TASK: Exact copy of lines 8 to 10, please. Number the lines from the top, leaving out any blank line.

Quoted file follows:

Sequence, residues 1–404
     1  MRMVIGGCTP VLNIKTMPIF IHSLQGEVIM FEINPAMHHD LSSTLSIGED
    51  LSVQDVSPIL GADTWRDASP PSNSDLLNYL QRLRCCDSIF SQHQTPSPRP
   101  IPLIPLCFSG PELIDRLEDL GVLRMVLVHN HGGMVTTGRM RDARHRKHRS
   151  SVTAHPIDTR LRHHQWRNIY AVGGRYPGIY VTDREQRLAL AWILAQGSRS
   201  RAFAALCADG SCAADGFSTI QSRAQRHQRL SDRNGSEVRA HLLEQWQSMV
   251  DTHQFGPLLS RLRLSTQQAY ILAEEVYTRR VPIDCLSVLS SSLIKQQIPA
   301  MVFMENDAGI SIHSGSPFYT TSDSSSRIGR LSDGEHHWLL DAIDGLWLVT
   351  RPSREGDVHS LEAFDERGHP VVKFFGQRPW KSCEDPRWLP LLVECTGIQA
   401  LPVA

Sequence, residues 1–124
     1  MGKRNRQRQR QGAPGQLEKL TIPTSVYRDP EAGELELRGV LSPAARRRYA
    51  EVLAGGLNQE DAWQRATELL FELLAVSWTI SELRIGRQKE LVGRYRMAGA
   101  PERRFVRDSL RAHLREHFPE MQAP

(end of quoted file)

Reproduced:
   301  MVFMENDAGI SIHSGSPFYT TSDSSSRIGR LSDGEHHWLL DAIDGLWLVT
   351  RPSREGDVHS LEAFDERGHP VVKFFGQRPW KSCEDPRWLP LLVECTGIQA
   401  LPVA